I have worked in chemical plants for years. When it comes to separating "product" from one another, it's done by using heat and pressure...along with adding chemicals. I would bet that ALL waste oil collected by recycling companies is mixed for shipping, and sent for processing.

    On a side note, it's funny how your punishment for not saving the planet comes in the form of money paid to political organizations.....

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  13. #9
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    Quote Originally Posted by 71CHOPS View Post
    it's funny how your punishment for not saving the planet comes in the form of money paid to political organizations.....
    Yeah, pretty much like congestion charges in crowded cities do not go in alleviating traffic.

  14. #10
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    I am pretty sure from my past studies of this matter, talking about POE and PAG oils, that since they are a mix of synthetic and ester oil compounds they have both been determined to be "biodegradable". With the description of being "biodegradable" then one would assume that disposal is not regulated IF the toxicity of the oil has been verified. Even if this oil is truly biodegradable and can just be poured down a drain, then there is a moral dilemma for some that is "what is greener", disposing of a biodegradable to the sewer and dump OR recycling it?

    The key, too, is the toxicity of that oil, there are times that refrigerant oil may have glycol from a ruptured heat exchanger, high acidity, etc. How do we make that determination without sufficient testing before pouring it down a drain?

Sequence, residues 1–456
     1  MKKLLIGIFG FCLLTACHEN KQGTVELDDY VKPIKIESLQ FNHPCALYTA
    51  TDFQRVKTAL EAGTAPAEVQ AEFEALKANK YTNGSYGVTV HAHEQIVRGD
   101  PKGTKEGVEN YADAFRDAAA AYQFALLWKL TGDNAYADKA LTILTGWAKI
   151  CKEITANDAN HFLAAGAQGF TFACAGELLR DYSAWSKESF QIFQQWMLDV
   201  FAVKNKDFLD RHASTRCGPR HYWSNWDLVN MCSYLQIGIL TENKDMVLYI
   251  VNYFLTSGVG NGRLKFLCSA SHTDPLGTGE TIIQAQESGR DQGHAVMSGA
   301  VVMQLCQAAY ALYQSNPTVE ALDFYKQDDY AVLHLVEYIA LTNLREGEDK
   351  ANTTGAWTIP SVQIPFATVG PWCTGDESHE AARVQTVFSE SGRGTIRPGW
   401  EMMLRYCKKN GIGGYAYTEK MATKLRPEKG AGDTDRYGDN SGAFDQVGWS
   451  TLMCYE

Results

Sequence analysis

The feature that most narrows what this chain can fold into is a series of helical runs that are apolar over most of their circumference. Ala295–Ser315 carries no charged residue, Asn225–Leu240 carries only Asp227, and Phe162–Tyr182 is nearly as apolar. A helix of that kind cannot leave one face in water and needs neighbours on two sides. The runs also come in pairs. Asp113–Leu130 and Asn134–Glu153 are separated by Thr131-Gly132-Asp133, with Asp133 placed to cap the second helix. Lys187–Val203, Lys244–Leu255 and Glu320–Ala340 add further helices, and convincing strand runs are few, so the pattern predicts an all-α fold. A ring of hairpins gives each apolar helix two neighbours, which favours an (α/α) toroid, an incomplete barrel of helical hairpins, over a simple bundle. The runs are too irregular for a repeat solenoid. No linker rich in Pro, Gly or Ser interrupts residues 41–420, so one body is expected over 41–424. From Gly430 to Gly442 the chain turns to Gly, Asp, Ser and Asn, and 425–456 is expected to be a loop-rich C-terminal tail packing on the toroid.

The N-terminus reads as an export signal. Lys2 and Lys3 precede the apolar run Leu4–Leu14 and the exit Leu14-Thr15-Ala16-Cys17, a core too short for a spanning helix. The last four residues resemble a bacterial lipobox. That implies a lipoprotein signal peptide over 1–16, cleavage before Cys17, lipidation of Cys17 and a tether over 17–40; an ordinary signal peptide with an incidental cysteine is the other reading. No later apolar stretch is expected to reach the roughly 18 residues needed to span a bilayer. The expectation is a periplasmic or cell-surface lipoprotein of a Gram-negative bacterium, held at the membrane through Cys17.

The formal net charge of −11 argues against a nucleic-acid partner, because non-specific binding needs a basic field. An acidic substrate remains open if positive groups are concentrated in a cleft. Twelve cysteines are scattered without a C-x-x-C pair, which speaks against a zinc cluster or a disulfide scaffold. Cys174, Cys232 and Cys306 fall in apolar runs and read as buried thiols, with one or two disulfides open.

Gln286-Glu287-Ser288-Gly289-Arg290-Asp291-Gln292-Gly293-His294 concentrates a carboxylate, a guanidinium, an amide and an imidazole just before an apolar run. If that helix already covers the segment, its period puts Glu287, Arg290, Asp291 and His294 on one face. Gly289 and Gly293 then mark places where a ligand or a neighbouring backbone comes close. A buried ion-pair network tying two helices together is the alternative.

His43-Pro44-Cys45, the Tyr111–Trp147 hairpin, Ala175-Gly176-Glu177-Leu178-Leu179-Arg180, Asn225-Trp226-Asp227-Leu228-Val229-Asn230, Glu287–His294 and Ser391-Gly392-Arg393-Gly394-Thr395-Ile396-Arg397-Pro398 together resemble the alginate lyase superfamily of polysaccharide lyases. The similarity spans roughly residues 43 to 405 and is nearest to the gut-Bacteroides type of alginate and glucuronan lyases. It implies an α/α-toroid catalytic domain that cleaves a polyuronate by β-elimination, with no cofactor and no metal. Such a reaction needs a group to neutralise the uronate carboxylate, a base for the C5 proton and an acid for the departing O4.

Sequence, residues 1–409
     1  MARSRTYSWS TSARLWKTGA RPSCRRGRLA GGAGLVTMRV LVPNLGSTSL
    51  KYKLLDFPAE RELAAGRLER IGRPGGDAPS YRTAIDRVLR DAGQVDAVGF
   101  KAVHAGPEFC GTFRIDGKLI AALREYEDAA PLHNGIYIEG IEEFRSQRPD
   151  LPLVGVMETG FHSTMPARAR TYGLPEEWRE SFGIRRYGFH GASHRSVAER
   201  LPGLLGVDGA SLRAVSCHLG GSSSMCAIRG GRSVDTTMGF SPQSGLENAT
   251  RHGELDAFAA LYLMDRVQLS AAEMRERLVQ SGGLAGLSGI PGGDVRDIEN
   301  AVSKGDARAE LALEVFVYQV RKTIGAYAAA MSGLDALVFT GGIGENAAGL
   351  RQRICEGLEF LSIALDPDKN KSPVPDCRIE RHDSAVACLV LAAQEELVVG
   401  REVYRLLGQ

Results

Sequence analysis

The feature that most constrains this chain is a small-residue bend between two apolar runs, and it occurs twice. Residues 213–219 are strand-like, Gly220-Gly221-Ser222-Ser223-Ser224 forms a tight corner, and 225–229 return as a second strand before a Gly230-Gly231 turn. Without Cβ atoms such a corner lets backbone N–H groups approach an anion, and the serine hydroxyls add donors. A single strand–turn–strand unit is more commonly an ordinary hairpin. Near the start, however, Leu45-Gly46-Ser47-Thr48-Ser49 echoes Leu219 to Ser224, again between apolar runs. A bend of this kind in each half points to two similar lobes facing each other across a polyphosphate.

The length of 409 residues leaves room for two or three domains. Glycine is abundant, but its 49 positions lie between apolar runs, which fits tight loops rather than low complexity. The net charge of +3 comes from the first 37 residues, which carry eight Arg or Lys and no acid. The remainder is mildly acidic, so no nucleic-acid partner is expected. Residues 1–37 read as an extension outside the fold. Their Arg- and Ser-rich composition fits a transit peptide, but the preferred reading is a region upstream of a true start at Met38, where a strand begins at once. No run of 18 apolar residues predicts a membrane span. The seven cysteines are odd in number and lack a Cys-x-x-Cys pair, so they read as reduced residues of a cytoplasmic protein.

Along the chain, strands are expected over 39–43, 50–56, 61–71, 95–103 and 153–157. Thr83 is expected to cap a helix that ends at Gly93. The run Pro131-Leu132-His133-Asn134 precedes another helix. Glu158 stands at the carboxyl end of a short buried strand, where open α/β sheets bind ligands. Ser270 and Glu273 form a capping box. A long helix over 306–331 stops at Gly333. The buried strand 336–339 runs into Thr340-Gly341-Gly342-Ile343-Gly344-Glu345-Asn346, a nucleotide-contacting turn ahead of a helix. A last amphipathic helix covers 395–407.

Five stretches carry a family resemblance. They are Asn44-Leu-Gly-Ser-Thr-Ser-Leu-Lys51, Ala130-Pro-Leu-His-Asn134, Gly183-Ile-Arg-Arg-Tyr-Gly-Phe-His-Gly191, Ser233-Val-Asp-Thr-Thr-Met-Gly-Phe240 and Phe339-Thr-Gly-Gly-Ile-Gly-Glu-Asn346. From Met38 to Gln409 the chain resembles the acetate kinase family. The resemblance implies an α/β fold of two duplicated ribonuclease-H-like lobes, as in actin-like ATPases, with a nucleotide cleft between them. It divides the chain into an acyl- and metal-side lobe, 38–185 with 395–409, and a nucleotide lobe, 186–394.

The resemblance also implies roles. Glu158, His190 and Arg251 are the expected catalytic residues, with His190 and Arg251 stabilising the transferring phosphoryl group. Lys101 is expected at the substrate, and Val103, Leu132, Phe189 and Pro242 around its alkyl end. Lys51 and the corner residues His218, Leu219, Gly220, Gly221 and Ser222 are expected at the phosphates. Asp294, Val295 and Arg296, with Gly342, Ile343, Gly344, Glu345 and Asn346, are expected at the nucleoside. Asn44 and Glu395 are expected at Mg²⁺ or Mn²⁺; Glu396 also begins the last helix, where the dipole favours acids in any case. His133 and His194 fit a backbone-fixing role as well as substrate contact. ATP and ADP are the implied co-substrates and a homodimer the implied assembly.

Under those cases I have talked with Safety-Kleen in the past and they have no issues excepting this oil, they will ultimately mix it with any other oils and run it all through their re-refining facility that will separate all your different grades, glycol (anti-freeze), and lighter oils from each other. Pretty complex set-up I was told, with evaporation vacuums for moisture removal, etc.

    But from what I know here at my location we can not mix refrigerant oils with, lets say, the garages automotive based oils. We have two separate drums at our hazardous waste collection site here. But it appears that Safety-Kleen down the line will ultimately mix them no matter what, again, from what I was told. So when to mix is a question, too?

    I know Europe may be a bit different but even so this is a subject that has a lot of grey areas that I feel should really be talked about more, POE has been around for a long time, this is nothing new in our industry, so I do find it peculiar as with the OP that there is no definite examples given on exactly how we should be handling contaminated POE, Mineral, PAG, Vacuum Pump, and other obscure oils that we utilize in the HVAC/R industry, world wide.

    The comments so far only prove that none of us really know for sure what the f^ck is legal and not legal when it comes to this sh!t......LOL

    I will call a few places today and tomorrow, interested what the official word is from these larger oil recycling companies are, not just word of mouth from a recovery driver picking up our oil.

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  16. #11
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    The funny thing about it is that performance engine oils may very well contain Poe along with several other kinds of oil other than highly refined so-called synthetic petroleum. They use whatever is needed to meet the specification.

    Sent from the Okie state usin Tapatalk

  17. #12
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    Thanks. I appreciate your involvement.

  18. #13
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    Quote Originally Posted by slctech View Post
    I am pretty sure from my past studies of this matter, talking about POE and PAG oils, that since they are a mix of synthetic and ester oil compounds they have both been determined to be "biodegradable".
    I will call a few places today and tomorrow, interested what the official word is from these larger oil recycling companies are, not just word of mouth from a recovery driver picking up our oil.
    I wonder if you had any feedback... thanks.